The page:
But what makes cinnamon so good for your gut is its prebiotic potential. Like garlic, cinnamon may suppress bad bacteria in your intestine and foster the growth of good microorganisms (11). You can eat more of this wonderful spice by dusting powdered cinnamon on granola, mixing it in hot drinks, or infusing it whole in stews.

What about Turmeric? 

Given the praise it receives in the tabloids and the number of new turmeric drinks being stirred up in coffee shops, you’re probably surprised that this ‘golden spice’ isn’t in our top 5. Turmeric has curcumin, a chemical that protects against cancer. So why didn’t it make the cut? 

The answer lies in how poorly curcumin is absorbed into the bloodstream. As our founder Catherine Rogers explains in her book Gut Well Soon, you’d need to wolf down 100g of turmeric just for it to be detected in the blood (12). No recipe would ever call for that much turmeric, and, even if it did, no one would want to eat it!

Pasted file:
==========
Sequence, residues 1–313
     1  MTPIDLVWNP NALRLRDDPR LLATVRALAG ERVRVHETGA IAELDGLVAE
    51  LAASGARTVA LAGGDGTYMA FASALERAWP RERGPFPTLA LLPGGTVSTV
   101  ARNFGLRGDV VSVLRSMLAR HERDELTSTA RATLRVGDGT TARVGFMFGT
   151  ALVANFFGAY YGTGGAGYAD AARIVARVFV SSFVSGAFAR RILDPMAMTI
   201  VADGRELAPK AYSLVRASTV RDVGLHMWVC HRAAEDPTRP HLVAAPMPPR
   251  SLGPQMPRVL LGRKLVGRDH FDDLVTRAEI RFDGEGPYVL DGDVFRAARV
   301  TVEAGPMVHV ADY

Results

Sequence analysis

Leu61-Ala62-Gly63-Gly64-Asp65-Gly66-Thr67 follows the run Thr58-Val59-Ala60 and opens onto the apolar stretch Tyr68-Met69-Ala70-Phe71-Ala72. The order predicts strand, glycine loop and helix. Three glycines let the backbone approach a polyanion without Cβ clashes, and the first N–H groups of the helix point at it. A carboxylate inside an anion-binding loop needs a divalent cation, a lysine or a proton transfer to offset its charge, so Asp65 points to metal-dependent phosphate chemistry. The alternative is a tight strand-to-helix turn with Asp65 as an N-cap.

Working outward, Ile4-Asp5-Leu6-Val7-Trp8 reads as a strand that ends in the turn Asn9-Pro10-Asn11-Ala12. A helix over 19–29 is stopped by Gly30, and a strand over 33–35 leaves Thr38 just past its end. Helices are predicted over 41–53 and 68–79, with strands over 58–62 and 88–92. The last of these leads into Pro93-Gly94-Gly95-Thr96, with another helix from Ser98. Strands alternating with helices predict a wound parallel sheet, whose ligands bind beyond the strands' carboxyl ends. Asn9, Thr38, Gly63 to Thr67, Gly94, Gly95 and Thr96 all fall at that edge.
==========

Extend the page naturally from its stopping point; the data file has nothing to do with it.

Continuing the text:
That doesn’t mean you should stop eating turmeric if you like it. As a natural food colouring, you can cook it with rice to give the grains a lovely yellow hue.  

And Himalayan Salt? 

Himalayan salt is another seasoning masquerading around as super healthy. But don’t fall for the hype: himalayan salt has the same amount of sodium as table salt and comes with the same risks (13). 

Instead, why not use a bit less salt and boost flavour with herbs and spices? There’s a whole world of them to discover that aren’t in our top 4: garnish your food with coriander or parsley, infuse aroma with rosemary or cardamom, or try cooking with cumin, a spice that plays a prominent part in many world cuisines. 

How you can improve your gut health now  

Want to start cooking with these spices and start healing your gut? Check out some of our tasty BBQ recipes

Or else, sign up to Reset Your Health for personalised advice, shopping lists and flavourful recipes. Avoid the myths and get your gut health back on track!